Water 101: Today’s Systems Protect Las Vegas’ Future

Understanding water issues and infrastructure is essential for everyone desert dwellers. It’s our responsibility to ensure will be enough drinking water for future years there, when water resources are threatened and under significant stress particularly. “AFTER I moved to Las Vegas almost 30 years ago, water investment and conservation tactics allowed me to land here,” says Bronson Mack of Southern Nevada Water Authority. “This community could give me because of the attempts of the folks who arrived before me. The stage is defined by them for myself and an incredible number of others to call Southern Nevada their home, and we need to continue steadily to pay that forward.” Part of that responsibility is understanding how our water system works.

Here are the basics. Where does our water result from? Ninety percent of Southern Nevada’s water comes from Lake Mead, which is given by the Colorado River. We share this water with Arizona, California, New Mexico, Wyoming, Utah, Colorado, and Mexico. Ten percent comes from groundwater resources pumped from the neighborhood aquifer beneath our feet. 1. Lake Mead has three intakes capable of drawing water from different depths for use in Southern Nevada.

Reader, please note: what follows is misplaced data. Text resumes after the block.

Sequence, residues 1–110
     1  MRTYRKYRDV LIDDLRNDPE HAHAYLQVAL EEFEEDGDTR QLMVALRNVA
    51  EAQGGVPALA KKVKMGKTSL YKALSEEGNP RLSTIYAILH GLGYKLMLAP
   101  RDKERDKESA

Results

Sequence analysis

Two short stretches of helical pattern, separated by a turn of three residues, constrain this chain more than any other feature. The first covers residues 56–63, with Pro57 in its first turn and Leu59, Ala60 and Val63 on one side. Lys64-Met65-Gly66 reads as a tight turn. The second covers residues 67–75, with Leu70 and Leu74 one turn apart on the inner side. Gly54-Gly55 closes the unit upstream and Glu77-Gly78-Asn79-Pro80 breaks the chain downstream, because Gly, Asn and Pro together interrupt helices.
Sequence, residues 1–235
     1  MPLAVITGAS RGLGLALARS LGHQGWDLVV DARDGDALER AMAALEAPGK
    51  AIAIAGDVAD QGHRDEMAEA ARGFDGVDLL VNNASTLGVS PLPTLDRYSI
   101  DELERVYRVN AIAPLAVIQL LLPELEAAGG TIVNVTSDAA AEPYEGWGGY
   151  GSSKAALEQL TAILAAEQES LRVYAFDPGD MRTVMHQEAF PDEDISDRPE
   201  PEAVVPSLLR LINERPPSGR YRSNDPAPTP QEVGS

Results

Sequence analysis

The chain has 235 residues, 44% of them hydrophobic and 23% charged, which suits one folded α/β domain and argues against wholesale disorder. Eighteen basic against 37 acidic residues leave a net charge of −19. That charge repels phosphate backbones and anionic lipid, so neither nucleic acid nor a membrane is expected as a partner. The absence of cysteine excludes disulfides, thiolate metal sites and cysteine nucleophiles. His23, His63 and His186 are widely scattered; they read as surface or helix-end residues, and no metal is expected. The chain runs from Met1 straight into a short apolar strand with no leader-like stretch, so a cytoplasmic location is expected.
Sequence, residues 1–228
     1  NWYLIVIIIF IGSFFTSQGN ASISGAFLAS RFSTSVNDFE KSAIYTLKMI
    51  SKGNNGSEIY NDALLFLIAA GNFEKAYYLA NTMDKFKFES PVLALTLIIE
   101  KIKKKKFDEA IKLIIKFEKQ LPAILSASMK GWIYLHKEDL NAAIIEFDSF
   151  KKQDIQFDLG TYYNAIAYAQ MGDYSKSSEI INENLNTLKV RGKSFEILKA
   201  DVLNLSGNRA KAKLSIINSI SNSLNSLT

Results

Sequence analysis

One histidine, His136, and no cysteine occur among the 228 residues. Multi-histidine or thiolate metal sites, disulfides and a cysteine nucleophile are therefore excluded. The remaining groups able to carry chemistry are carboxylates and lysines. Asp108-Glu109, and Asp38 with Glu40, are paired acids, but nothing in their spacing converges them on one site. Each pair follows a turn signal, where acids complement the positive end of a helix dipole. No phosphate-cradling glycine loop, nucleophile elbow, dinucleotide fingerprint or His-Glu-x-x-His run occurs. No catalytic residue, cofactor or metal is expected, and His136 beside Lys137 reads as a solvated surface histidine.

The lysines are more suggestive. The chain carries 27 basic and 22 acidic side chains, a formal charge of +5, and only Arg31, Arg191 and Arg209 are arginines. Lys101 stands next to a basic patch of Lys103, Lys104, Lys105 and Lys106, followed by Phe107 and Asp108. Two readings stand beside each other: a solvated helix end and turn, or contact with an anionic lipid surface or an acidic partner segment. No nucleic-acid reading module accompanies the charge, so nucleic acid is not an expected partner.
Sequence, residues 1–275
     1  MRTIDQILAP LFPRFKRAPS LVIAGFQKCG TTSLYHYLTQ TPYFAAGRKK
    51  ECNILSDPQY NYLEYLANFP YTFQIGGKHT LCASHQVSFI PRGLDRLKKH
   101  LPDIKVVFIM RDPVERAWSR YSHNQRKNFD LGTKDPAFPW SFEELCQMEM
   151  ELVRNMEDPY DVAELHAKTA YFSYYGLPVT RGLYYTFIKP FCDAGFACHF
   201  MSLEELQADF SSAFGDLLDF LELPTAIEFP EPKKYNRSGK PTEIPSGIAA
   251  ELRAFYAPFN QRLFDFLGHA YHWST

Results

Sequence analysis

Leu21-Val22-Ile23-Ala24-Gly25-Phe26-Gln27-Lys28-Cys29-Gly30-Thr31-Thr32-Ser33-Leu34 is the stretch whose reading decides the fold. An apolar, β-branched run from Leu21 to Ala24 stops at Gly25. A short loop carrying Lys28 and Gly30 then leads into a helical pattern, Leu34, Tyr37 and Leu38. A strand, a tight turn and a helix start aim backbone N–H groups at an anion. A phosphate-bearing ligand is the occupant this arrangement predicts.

The most newly constructed, Intake 3, began procedure in 2015 amid concerns of declining lake levels. It gets the deepest reach of the three access points. 2. Water is pumped from the intakes and delivered to a treatment place, where it’s treated to safe drinking water standards. 4. … before making its way to Southern Nevada homes and businesses.

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In Southern Nevada, 99% of most water used indoors is recycled. “Nevada has a few of the most advanced wastewater systems in the united states,” Mack says. “You take a longer shower without guilt, realizing that water will be recycled and used down the line again.” The water used indoors is treated and sent to Lake Mead for future use back. On the other hand, water used outdoors cannot be recycled and drains our resources, which is why outdoor watering restrictions are crucial. Water conservation is a multifaceted work that will require the support of the entire community.

Because the Valley has followed comprehensive conservation procedures, Colorado River drinking water usage has decreased, as Clark County’s inhabitants are continuing to grow even, Mack says. Unlike drinking water used indoors that is reclaimed and safely recycled back again to Lake Mead, drinking water used outside can’t be reused or recycled. 1. Follow watering restrictions Sticking with seasonal water schedules is a large drinking water saver.

In springtime and fall, outdoor watering is bound to three days per week and only 1 day in winter. In the summer-May through August-watering outdoors is permitted Monday through Saturday, before 11 a.m. 7 p.m. The Sunday watering restriction, implemented in 2016, each year will save more than 900 million gallons of drinking water, Mack says.

2. Remove nonfunctional turf “Nonfunctional turf” is the grass that’s not used for any reason apart from aesthetics. This includes medians, traffic roundabouts, and entrances of HOA communities. “We wish grass where it creates sense-in parks, schools, ball fields, and other areas that the city can use and revel in it,” Mack says.